Forbes Contributor Prescribes Important Changes to Improve Information Sharing in Our Healthcare System

07.16.14 | By

Continuing an important conversation about how to make the best use of the wealth of information regarding today’s healthcare treatment options, last week Nicole Fisher wrote in Forbes about the growing need for a new regulatory paradigm to govern how the biopharmaceutical industry communicates with healthcare professionals about medicines.

340B: Keeping a Promise to Patients

07.16.14 | By

The 340B program was created to help vulnerable and uninsured patients access needed medicines. However, the program continues to grow exponentially without appropriate guardrails, putting it at risk. Appropriate oversight and reform is needed to ensure the 340B program can fulfill its promise to patients.

The Voices of Schizophrenia and the Potential in the Pipeline

07.15.14 | By

Around 2.4 million American adults have schizophrenia each year and onset can be caused by a combination of genetic predisposition and external stressors. Learn more about the 119 medicines in development for mental health.

Overcoming Obstacles to Future Innovation

07.15.14 | By

What would happen if the pace of medical innovation in the U.S. slowed or halted altogether? Imagine the treatments and cures that will never come, for Alzheimer’s, for Parkinson’s, for cancers of all kinds.  Imagine also the economic impact: on productivity, on medical costs for people who have conditions without good treatments, on a biopharmaceutical industry that accounts for nearly one out of every five dollars spent on R&D by U.S. businesses and that supports $790 billion in total annual economic activity.

Limiting Access to Necessary Medicines Threatens Hope for Oncology Patients

07.15.14 | By

Patients, especially those suffering from chronic conditions, deserve access to the medicines they need to live longer, healthier lives. The Affordable Care Act’s health insurance exchanges and the Essential Health Benefits they’re meant to provide were supposed to ensure patients have access to the treatments they need. But for many, high out-of-pocket costs create a sometimes insurmountable barrier to access.

TTIP Negotiations Toward Better Health Outcomes

07.15.14 | By

This week, the European Commission hosts the sixth negotiating round of the Transatlantic Trade and Investment Partnership (TTIP) in Brussels.  As the Commission notes on its website, the discussions will focus on major issue areas including “trade in goods and services, regulatory issues, government procurement, environmental protection and labor rights, energy and raw materials, and opportunities for small- and medium-sized enterprises (SMEs).”  This round, as in the past, will also include a dedicated day for stakehol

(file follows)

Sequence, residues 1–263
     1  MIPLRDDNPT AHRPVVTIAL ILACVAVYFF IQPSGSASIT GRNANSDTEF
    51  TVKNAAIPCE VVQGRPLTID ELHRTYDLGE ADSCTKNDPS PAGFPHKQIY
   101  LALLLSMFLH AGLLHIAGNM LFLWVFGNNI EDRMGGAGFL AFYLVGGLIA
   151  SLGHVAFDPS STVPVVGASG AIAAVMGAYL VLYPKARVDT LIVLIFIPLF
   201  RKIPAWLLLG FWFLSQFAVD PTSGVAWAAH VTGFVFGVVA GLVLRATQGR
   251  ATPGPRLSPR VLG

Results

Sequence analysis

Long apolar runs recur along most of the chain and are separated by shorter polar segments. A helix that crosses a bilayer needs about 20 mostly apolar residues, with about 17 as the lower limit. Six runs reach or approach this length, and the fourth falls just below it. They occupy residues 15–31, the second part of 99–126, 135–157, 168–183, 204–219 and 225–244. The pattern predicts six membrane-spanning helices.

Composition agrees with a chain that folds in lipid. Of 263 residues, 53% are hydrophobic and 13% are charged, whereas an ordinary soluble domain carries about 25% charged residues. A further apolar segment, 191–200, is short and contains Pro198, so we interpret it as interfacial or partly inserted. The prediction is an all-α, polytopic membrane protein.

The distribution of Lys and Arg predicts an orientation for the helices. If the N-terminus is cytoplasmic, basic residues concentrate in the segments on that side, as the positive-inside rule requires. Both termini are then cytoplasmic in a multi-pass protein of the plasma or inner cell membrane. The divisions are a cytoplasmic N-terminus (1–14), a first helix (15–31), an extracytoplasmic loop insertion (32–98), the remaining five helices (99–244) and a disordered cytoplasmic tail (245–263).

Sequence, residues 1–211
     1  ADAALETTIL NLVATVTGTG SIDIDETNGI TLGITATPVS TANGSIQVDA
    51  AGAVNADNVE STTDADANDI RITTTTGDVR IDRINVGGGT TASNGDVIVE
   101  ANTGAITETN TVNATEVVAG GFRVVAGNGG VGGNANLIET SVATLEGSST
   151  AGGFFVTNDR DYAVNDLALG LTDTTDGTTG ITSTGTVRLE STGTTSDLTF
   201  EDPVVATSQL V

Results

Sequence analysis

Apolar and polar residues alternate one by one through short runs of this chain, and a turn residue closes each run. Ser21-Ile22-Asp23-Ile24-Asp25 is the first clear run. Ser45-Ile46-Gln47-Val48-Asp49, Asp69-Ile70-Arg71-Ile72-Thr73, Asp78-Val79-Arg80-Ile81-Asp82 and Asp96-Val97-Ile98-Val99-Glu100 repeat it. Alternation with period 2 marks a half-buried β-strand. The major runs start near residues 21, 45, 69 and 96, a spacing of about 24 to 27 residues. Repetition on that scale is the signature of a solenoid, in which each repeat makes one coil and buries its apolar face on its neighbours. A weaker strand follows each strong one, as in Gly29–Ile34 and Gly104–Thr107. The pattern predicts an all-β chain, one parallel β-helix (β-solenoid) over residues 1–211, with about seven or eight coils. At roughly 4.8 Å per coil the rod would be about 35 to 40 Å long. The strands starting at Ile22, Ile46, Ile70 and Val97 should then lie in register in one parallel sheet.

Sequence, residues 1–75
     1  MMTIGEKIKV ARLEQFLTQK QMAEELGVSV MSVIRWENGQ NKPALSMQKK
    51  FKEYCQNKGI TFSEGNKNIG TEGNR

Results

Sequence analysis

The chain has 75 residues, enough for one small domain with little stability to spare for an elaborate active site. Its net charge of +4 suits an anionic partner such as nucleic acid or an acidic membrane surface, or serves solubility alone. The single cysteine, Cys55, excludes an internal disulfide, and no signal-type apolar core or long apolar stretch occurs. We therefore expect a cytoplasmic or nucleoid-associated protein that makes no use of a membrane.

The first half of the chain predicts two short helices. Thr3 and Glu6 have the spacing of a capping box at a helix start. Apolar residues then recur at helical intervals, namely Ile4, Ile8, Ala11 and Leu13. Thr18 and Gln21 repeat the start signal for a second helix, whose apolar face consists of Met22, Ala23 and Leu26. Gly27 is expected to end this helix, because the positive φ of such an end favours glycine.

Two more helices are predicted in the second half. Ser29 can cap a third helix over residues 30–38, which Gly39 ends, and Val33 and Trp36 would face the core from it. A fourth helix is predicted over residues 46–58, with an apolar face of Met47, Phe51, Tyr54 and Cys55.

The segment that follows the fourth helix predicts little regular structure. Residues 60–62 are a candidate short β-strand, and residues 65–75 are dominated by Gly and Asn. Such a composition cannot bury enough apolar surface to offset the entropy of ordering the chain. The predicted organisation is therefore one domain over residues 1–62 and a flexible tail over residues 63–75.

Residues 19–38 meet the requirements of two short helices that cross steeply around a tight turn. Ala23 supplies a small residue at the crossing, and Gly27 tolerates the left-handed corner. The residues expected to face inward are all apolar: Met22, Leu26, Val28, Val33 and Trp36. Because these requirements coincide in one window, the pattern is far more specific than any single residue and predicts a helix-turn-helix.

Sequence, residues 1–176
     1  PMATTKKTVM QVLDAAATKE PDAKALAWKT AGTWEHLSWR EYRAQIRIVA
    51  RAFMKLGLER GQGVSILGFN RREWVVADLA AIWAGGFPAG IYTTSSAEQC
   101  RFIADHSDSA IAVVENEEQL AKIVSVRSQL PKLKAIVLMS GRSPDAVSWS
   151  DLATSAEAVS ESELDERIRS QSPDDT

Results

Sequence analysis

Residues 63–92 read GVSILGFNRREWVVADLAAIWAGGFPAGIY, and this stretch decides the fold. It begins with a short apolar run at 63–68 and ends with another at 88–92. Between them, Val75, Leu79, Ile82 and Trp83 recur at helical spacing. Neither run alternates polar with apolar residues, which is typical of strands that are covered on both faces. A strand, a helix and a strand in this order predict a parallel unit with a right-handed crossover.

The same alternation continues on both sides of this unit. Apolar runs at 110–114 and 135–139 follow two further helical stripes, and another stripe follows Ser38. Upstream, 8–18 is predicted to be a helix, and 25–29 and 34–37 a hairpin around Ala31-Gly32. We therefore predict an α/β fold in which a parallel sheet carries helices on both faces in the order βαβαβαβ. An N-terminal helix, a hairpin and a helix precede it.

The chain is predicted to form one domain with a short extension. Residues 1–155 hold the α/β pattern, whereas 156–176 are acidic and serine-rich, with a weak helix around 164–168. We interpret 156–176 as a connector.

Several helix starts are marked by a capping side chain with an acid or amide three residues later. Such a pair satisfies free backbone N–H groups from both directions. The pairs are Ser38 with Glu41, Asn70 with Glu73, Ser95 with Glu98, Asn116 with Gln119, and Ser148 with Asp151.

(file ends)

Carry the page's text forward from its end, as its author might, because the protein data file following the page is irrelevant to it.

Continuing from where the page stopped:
The Price of NOT Curing Hepatitis C

07.14.14 | By

“Over the next 20 years, total annual medical costs for patients with HCV infection are expected to more than double, from $30 billion to over $85 billion.”

Week in Review: It’s All About Patients

07.11.14 | By

For biopharmaceutical companies, patients are our priority. Throughout the research and development process, it is our job to make sure that innovative, new treatments are moving through the pipeline, into the hands of those in need. To achieve this, a number of different issues must be addressed across the U.S. and around the world. This week, the Catalyst touched on a variety of topics that aren’t typically top-of-mind, but represent just a small sample of issues that are important to helping patients live longer, healthier lives.

Cost-Effectiveness Standards in the UK Lead to Restrictions in Patient Access to Cancer Therapies

07.11.14 | By

The debate over the cost and value of innovative medicines has prompted some to make renewed calls for use of a cost-effectiveness or similar standard in the U.S. One example of this was highlighted in a recent column by Ed Silverman at the Wall Street Journal.

UK Cancer Patients Face Increasing Coverage Restrictions Due to Centralized Cost-Effectiveness Standard, New Report Shows

Washington, D.C.

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